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The 54-page report was commissioned by Environment Canterbury (ECan) along with the Department of Conservation, Land Information New Zealand and the Mackenzie and Waitaki District Councils.
The report broadly endorsed the Mackenzie Country Trust’s goals of ensuring "the intermontane landscape of the Mackenzie Country retains its natural functioning ecosystems alongside a flourishing and sustainable community".
Further, its recommendations included: establishing "joint hearings as the ‘norm’ for consent applications involving regional and district councils"; holding a six-monthly workshop between agency and farming leaders; possibly expanding the role played by farm environment plans; designating and working towards an area as predator-free in the basin; and creating a more "anticipatory strategic approach" to managing tourism pressures.
In a statement ECan chief executive Bill Bayfield said the five agencies involved were now seeking feedback on "prioritising" in the report’s recommendations.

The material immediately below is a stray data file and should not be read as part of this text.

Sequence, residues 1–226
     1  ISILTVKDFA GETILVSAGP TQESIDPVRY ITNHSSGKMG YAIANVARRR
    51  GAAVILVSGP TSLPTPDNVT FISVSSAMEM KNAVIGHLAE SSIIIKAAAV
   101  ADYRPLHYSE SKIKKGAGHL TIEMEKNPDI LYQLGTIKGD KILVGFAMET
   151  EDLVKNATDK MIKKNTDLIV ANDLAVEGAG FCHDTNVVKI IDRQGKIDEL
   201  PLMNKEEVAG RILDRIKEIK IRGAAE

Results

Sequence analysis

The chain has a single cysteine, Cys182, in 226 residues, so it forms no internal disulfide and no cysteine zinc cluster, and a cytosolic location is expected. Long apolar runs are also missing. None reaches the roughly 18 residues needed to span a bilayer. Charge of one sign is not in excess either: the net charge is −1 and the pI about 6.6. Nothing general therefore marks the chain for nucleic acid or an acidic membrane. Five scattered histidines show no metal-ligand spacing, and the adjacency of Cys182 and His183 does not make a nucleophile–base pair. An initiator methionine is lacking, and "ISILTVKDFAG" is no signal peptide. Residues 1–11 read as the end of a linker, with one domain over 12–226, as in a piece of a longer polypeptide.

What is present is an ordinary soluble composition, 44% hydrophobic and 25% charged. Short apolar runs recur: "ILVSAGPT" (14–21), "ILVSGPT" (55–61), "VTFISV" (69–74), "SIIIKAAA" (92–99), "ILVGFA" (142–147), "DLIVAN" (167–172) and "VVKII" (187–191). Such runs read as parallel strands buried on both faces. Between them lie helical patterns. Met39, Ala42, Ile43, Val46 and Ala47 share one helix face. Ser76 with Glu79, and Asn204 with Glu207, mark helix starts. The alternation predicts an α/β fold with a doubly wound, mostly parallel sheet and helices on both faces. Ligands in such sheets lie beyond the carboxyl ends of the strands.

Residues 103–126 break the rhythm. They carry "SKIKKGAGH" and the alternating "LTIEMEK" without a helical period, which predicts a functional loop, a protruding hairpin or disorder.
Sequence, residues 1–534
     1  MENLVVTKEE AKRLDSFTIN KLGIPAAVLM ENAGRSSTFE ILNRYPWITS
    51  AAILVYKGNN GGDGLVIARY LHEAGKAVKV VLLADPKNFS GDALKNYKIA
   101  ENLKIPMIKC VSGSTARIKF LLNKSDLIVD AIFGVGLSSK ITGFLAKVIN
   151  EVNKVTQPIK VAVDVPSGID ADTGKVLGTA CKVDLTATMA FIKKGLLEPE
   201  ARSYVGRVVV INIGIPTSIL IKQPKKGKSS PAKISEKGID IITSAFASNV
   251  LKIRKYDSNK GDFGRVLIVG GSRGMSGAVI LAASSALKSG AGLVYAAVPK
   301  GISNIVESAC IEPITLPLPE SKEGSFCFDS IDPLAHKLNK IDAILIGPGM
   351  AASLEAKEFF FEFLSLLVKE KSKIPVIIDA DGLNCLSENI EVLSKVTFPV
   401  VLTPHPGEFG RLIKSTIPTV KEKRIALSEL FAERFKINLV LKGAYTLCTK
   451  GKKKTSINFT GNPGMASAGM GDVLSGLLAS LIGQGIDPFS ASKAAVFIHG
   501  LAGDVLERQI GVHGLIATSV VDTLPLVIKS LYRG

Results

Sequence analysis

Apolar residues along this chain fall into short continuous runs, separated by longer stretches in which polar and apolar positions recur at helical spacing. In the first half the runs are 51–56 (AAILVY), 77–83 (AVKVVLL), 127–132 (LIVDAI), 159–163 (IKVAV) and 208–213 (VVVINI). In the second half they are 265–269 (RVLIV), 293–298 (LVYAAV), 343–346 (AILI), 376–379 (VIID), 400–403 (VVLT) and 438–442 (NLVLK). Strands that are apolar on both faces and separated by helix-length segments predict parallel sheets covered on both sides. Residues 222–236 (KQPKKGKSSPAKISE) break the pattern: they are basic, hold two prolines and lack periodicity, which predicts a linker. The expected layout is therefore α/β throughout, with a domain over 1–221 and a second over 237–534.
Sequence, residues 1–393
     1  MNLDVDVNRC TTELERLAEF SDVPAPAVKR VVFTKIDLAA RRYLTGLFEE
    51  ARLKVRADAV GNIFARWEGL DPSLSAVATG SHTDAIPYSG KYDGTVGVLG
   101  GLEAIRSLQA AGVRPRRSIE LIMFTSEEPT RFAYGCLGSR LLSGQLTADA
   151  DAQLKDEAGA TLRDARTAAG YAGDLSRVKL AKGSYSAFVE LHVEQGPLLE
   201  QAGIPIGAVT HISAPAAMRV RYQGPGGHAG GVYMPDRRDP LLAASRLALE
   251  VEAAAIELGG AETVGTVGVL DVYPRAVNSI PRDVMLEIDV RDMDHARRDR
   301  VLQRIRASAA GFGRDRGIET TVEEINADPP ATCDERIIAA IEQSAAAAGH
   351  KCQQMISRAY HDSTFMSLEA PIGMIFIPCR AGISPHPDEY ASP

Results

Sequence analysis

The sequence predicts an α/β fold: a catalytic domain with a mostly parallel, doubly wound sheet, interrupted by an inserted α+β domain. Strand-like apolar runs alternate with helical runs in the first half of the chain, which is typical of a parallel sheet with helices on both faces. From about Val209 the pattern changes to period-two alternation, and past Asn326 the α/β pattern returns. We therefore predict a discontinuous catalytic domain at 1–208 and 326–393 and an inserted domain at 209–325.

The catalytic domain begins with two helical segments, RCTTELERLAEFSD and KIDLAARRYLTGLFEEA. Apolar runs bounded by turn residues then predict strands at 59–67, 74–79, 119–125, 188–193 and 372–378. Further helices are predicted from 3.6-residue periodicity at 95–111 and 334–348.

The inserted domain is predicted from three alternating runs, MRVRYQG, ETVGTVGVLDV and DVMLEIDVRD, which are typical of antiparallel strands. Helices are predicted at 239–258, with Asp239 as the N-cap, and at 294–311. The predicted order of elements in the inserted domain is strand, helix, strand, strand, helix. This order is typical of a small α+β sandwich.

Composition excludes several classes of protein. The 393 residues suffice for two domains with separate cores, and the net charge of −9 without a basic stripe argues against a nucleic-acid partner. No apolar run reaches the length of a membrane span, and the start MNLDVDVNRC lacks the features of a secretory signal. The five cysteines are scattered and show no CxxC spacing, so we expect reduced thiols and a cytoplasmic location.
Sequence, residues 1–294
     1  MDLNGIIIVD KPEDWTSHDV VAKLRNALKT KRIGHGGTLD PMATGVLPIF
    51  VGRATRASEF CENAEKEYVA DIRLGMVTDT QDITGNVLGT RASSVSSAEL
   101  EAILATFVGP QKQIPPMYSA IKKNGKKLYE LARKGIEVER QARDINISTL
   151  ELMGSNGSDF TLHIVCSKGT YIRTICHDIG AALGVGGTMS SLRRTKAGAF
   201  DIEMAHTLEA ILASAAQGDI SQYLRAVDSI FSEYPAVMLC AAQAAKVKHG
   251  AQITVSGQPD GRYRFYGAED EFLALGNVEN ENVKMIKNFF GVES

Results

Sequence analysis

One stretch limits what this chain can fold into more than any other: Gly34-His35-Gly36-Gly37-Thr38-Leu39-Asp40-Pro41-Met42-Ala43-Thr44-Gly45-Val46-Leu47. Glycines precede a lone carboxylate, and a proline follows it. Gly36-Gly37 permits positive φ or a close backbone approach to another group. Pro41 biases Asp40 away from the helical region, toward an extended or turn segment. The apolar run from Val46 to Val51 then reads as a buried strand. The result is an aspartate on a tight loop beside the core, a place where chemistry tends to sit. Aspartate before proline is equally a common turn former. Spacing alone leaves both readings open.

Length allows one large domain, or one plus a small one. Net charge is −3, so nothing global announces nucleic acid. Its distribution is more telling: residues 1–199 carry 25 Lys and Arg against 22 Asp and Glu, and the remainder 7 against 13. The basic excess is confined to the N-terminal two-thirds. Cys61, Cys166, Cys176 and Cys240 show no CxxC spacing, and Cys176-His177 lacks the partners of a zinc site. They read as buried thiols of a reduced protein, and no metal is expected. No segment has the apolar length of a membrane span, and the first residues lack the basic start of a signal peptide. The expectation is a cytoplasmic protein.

"There has been substantial change in the basin," Mr Bayfield said.
"Not everyone is happy with it. Changes in natural character, landscape, biodiversity and biosecurity, and water quality are all issues, as are the ability to develop businesses and the rules and consent framework.
"Waitaki District Council planning manager Hamish Barrell said Waitaki district communities like Omarama, Otematata and Ohau had "always regarded their area’s conservation values as special".
"With the expansion of tourism and other development pressures, including land conversion, Waitaki District Council has committed to re-thinking the balance between farming, tourism, new housing proposals and conservation through its district plan review [currently under way]," he said.
The report states a "common understanding" of how intensive farming should be compared with environmental protection had yet to be achieved.
Tenure review would be a "vital tool" for achieving the report’s vision, it says.